Extreme Minimal Living in Japan

Illustration for article titled Extreme Minimal Living in Japan
Kotaku EastEast is your slice of Asian internet culture, bringing you the latest talking points from Japan, Korea, China and beyond. Tune in every morning from 4am to 8am.

Could you live like these Japanese minimalists? Then again, maybe you already do.

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In Japan, a recent buzz word is “minimalist” (ミニマリスト or “minimarisuto”). The word has a long history and various associations with art, design, and literature, but here, the idea is to simplify one’s life with a bare minimum of possessions.

Illustration for article titled Extreme Minimal Living in Japan
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[Photo via 2ch]

Illustration for article titled Extreme Minimal Living in Japan

[Photo: grow_smaller]

As Naver points out, a few years back, the minimalist lifestyle trend became somewhat of a thing in the West.

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Illustration for article titled Extreme Minimal Living in Japan

[Photo: retire2k]

There is a stereotype that Japanese living is minimalistic, which does have some truth in the way Japanese houses are traditionally designed, with rooms serving multiple purposes. And Japanese design does tend to be minimal and abstract. This is the country that gave the world Muji.

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Illustration for article titled Extreme Minimal Living in Japan
Illustration for article titled Extreme Minimal Living in Japan
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[Photo via 2ch]

However, in Japan, as with everyone, there are folks who love to surround themselves with stuff. Some folks, with lots and lots of stuff.

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Illustration for article titled Extreme Minimal Living in Japan

[Photo: ryunosuke_kawai]

As a new Japanese book on minimalism hit number one of the Amazon sales ranking and as “minimalist” has become a catchy new word for Japan, the country’s media has increasingly been introducing minimalism on television. The media reports that “living without stuff” leads to “happiness.”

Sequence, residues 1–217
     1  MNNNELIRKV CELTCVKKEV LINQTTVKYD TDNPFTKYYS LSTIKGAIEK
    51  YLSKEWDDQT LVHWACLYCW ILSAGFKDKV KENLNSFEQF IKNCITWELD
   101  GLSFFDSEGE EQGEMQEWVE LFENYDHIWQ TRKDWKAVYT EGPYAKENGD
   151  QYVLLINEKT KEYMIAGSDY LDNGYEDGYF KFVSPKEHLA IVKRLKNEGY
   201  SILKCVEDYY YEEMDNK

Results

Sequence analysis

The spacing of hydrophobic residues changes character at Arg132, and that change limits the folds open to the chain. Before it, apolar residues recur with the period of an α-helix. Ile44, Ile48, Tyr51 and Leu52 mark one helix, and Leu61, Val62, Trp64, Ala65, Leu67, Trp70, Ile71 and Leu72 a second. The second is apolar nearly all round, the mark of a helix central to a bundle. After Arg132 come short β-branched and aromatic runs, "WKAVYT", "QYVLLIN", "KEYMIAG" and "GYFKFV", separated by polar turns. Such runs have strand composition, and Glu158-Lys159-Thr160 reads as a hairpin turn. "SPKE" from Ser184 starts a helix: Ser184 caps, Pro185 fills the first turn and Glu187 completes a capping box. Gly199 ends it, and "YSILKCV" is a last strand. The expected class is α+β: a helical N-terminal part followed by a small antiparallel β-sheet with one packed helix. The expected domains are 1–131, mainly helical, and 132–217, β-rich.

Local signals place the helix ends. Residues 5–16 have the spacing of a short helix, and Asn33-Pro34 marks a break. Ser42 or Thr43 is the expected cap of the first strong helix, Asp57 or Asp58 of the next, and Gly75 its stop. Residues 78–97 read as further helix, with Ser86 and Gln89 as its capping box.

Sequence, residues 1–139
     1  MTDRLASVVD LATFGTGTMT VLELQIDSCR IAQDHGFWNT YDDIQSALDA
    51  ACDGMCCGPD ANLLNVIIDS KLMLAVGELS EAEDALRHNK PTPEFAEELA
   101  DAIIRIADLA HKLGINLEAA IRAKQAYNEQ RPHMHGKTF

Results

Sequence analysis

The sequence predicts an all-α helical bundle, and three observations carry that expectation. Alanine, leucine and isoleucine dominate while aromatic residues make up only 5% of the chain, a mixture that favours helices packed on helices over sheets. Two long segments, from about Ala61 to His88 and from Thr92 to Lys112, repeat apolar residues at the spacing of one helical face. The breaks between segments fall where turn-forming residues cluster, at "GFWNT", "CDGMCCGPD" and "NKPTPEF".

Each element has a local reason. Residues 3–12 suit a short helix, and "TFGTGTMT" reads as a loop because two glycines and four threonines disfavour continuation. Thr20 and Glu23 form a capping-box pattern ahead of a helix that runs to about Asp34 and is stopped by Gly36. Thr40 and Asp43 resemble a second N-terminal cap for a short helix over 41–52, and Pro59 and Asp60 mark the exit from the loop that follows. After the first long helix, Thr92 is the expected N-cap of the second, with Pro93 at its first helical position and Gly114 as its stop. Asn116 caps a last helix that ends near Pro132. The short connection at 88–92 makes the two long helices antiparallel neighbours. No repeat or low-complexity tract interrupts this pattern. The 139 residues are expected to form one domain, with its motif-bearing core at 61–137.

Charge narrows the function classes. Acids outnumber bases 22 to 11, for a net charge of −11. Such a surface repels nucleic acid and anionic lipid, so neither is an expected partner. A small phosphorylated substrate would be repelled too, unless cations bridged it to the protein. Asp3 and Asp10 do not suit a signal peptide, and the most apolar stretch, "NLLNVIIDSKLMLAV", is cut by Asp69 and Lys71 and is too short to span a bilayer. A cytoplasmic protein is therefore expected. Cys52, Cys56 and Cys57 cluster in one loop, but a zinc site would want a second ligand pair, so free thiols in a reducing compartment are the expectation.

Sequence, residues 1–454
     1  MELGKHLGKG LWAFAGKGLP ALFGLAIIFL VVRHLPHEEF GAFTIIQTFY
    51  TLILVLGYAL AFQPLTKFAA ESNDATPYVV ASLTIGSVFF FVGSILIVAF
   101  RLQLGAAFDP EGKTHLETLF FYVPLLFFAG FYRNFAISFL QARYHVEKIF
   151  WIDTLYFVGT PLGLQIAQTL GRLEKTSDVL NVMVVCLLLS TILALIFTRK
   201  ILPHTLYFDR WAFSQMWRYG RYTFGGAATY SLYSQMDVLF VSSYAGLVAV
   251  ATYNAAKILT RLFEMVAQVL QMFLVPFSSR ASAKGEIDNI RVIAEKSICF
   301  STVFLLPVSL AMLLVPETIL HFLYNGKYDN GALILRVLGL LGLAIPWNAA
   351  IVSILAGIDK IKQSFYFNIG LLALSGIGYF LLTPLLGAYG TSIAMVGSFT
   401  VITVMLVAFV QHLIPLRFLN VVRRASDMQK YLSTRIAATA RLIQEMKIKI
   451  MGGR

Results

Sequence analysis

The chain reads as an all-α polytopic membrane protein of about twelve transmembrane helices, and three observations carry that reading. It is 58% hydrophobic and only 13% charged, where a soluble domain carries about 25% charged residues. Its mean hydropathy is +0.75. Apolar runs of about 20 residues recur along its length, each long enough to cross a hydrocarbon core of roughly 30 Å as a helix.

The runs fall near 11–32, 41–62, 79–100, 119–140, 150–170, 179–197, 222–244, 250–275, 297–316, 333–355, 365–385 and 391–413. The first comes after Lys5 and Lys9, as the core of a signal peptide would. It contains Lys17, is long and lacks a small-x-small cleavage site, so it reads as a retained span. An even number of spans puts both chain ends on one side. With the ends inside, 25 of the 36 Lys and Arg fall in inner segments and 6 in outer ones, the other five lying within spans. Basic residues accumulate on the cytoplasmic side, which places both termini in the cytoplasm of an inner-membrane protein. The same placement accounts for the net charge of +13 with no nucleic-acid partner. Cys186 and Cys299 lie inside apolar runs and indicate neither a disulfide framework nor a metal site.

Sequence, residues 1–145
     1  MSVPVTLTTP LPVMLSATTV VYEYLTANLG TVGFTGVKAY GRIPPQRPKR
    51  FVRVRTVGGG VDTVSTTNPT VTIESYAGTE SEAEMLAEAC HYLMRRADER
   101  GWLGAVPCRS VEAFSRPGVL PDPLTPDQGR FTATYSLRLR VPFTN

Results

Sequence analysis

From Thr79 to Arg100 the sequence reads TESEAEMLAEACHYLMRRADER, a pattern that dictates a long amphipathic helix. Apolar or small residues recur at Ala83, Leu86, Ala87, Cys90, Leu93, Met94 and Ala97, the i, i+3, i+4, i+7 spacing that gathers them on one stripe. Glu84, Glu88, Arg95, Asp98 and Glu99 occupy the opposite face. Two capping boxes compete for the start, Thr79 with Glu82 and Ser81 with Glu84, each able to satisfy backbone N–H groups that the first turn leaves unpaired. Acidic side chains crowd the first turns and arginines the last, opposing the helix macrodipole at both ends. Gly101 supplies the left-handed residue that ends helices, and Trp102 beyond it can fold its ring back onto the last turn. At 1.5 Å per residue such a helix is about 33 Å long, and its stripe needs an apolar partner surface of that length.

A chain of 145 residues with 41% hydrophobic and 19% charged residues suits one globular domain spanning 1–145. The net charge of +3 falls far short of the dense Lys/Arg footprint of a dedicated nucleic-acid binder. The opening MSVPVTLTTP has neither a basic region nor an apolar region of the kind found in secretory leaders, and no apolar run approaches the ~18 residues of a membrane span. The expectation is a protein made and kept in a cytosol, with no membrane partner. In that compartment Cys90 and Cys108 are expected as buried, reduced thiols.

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Illustration for article titled Extreme Minimal Living in Japan

[Photo: niji2001]

Japanese minimalism means nothing in the living room, which, actually, seems harder these days than it would have been, say, twenty or thirty years ago. The reason? Today’s Japanese houses have hardwood floors and not tatami mats, which are fairly comfortable for lounging around.

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Until the last two decades or so, most Japanese people lived their lives at home on the tatami mat floors. Honestly, hard flooring is considerably less comfortable and designed with chairs, sofas and rugs in mind. These minimalists should really live their stripped down existences on tatami, which certainly is possible if you rent or buy an older, and often cheaper apartment.

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[Photo: AngieW0303]

Illustration for article titled Extreme Minimal Living in Japan
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[Photo: AngieW0303]

On 2ch, Japan’s biggest forum, some commenters thought this extreme kind of minimalism seemed like living in prison and worried how it would affect people growing up in this kind of environment. People were quick to point out that out of all the things these minimalists parted with, they did keep their computers and televisions.

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Illustration for article titled Extreme Minimal Living in Japan

[Photo via 2ch]

Top photo: Bandit_HAMMER

To contact the author of this post, write to bashcraftATkotaku.com or find him on Twitter@Brian_Ashcraft.

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Kotaku East is your slice of Asian internet culture, bringing you the latest talking points from Japan, Korea, China and beyond. Tune in every morning from 4am to 8am.

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DISCUSSION

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as with all things since the beginning of times:
- equilibrium is best.

what is the point of having space if you have no use for it? what is the point of having things you don’t use? the key, is having what you need and enjoy.

i don’t like laying down in hard floors, and i need places to keep my stuff, so some furniture is needed, other than that, a bit of art to sooth the soul and break tedium of a room and you are golden as far as i’m concerned.

it’s also better if people are minimalism than consumerism driven, but still both extremes are overall bad.